Maria Fernandez cleans houses for a living. So when her thumb started to hurt, she didn’t think too much about it at first. The pain will go away, she thought. But over the course of a few months, it became more and more difficult to bend – until one day it got stuck.
“I couldn’t use it. I couldn’t even grab a cup of water or pull my zipper up,” she said. “I had to work harder to do even the simplest things.”
To make matters worse, her back was also bothering her. And she was being treated for breast cancer.
Because of the pain, Fernandez had to take time off from work – a luxury she couldn’t afford. So she sought help at Venice Family Clinic, where she was referred to Dr. Nancy Kakoyannis, who leads osteopathy in the Clinic’s chronic pain program.
“Every day we have hard-working people coming through the Clinic that do very manual jobs, such as housekeepers and gardeners, who are using their body a lot and tend to get injuries that develop into chronic issues,” Kakoyannis said.
The Clinic’s Integrative Medicine program brings together Western medicine with Eastern medicine and alternative therapies, including acupuncture, chiropractic, yoga therapy, and osteopathy, in an effort to treat our patients’ ailments holistically. Once considered unproven and unscientific, these modalities are now much more accepted by the medical establishment, though they’re often thought to be “elite” services reserved for the wealthy.
“It’s pretty unique to have an Integrative Medicine program in a community clinic, and it’s hugely important in taking care of these patients,” she said. “If somebody goes to a DO elsewhere, they could pay $300 for that visit. But we believe every person deserves to be cared for in a holistic way, whether they have money or not. I feel really blessed that the Clinic is so supportive of me doing this, too.”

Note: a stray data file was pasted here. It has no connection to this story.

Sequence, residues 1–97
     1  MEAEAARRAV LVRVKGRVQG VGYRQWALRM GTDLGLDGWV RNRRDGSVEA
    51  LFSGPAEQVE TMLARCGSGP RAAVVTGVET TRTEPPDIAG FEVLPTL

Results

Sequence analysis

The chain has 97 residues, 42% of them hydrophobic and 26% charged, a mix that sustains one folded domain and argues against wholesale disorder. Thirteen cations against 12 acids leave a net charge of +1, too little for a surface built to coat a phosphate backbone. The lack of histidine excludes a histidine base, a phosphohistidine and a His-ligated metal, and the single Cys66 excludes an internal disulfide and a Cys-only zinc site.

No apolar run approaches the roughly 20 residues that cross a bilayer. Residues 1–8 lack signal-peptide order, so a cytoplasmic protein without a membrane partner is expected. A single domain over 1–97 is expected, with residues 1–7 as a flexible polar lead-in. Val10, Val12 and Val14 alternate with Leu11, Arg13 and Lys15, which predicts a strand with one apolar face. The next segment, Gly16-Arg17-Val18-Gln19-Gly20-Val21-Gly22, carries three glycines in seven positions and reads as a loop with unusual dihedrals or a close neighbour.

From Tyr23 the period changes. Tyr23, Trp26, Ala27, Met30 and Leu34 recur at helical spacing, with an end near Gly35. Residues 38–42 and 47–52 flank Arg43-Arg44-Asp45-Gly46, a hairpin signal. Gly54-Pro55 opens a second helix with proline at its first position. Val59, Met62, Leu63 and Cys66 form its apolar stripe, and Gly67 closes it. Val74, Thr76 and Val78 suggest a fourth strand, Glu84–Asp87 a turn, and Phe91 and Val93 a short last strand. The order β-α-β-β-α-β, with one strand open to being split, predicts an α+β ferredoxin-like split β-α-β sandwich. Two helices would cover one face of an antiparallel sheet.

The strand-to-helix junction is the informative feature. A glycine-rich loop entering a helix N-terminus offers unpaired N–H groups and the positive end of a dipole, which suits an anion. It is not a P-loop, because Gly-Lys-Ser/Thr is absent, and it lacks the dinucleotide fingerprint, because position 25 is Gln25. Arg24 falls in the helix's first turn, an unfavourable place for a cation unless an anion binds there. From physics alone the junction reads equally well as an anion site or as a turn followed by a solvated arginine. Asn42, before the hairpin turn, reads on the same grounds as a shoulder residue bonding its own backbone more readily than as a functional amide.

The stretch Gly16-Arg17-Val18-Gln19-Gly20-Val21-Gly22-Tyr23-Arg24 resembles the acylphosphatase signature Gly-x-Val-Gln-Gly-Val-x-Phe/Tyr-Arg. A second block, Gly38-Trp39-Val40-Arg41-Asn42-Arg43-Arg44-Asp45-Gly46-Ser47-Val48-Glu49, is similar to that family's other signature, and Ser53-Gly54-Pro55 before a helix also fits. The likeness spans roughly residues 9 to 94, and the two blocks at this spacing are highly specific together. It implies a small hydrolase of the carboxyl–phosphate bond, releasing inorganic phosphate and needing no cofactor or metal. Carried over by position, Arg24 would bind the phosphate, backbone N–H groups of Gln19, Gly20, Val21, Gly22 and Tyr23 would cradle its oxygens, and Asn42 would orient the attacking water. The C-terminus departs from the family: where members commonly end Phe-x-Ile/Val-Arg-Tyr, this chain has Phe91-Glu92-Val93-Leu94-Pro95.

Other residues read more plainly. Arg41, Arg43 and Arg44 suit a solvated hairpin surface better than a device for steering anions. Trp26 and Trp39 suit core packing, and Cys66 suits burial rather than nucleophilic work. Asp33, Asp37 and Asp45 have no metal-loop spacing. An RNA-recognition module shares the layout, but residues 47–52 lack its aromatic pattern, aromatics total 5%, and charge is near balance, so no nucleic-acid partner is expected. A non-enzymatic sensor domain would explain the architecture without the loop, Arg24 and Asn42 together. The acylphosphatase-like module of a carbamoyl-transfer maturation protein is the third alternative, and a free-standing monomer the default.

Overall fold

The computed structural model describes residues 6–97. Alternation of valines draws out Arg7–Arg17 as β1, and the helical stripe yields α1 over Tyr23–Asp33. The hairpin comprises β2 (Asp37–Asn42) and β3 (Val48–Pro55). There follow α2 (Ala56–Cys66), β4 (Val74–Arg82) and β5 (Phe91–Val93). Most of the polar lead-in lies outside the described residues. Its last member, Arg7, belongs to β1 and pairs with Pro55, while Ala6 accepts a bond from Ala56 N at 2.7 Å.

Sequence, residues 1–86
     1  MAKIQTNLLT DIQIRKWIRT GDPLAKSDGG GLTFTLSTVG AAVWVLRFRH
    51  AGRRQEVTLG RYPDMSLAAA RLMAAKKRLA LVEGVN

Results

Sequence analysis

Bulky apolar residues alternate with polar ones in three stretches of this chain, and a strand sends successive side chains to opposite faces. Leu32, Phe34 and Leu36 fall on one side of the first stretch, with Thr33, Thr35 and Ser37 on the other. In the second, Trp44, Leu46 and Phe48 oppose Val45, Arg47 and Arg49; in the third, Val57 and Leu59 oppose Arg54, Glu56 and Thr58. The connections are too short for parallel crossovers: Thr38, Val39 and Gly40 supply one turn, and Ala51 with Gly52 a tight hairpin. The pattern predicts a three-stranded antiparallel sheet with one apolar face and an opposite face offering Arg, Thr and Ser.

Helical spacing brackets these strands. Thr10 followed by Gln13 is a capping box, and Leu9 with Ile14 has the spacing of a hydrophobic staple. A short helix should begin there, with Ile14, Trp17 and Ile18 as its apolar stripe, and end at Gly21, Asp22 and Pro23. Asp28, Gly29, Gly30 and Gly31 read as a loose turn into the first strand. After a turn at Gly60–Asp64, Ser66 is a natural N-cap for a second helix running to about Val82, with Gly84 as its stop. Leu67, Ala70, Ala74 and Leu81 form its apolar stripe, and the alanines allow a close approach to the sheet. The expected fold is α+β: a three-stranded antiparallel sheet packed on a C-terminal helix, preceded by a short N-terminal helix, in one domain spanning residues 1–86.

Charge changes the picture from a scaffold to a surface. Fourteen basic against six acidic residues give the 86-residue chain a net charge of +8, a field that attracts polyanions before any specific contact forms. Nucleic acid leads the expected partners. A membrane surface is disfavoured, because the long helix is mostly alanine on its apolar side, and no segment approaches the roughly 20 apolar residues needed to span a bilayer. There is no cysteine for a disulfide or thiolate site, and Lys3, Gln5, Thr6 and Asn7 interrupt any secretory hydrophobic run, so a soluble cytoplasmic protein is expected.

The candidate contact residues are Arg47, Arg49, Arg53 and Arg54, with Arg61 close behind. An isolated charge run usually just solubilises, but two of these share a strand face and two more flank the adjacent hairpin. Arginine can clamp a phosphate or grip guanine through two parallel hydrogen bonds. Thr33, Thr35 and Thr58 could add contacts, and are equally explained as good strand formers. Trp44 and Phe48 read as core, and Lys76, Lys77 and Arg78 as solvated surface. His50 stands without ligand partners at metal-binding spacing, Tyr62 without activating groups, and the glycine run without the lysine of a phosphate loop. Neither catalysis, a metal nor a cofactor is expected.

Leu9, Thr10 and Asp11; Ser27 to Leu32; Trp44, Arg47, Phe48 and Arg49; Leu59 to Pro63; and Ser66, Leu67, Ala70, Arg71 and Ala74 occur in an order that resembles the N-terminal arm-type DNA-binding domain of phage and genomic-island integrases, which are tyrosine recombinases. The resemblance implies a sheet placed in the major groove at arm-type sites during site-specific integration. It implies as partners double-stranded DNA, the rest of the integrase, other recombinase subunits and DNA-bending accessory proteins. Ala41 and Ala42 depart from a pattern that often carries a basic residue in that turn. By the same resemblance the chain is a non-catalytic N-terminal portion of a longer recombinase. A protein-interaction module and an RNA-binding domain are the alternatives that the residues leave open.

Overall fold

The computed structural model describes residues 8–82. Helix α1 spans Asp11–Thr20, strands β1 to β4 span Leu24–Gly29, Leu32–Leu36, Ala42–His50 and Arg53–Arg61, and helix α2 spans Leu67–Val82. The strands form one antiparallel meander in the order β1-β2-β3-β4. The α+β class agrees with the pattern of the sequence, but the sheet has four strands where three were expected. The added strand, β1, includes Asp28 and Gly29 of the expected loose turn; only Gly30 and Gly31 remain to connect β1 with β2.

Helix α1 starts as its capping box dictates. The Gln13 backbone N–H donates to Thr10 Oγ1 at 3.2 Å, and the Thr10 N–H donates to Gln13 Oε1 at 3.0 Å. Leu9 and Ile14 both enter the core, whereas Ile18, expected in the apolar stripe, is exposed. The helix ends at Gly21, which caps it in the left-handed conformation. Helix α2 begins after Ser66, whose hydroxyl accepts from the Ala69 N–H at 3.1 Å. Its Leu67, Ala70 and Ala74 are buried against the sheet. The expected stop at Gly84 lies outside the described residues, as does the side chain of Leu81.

Kakoyannis sees her patients for 30 minutes at a time, longer than a regular doctor’s visit, so she can perform the necessary treatments as well as write up the visit. She dedicates eight osteopathic sessions to each patient referred to her.
For patient Fernandez, Kakoyannis began treating her two weeks after she had received an injection to treat the pain from her trigger thumb, a condition in which the joint clicks when it bends. While the pain had subsided from the injection, the clicking, or getting “stuck” part, was still an issue for Fernandez. She suffered from compression in her thumb’s fascia (the tough tissues that wrap, connect, and support muscles), so Kakoyannis performed myofascial release techniques, as well as a craniosacral treatment targeting her head, lower back, and spinal column.
“She improved after one treatment. The healing capacity in Maria’s body is really good – she was very accepting of the treatment right away,” Kakoyannis said. “The clicking went away for several weeks. Maria then asked me to treat her chronic low back pain, which she said she had for 30 years, and that improved, too.”
Fernandez has since asked Kakoyannis to be her primary care physician.
“Before I went to the therapy session, I thought I would be given exercises to do on my own,” Fernandez said. “But it was magical when the doctor did therapy on me. It felt like energy that had built up was being removed from my thumb. I was wowed by the results.”
Kakoyannis credited her Venice Family Clinic colleagues with recognizing the value in the Integrative Medicine program.
“Pain can affect everything, including psychological well-being, ability to sleep, and ability to cope with other chronic illnesses, so addressing pain is huge. I’m grateful that our providers are open to using whatever modalities will help our patients,” she said.
For Fernandez, osteopathy has changed how she views her medical care.
“I’m amazed that at a community clinic they are able to offer different types of therapies like this,” she said. “The therapy has helped fix everything that’s wrong with me in some way. It’s good to have an open mind.”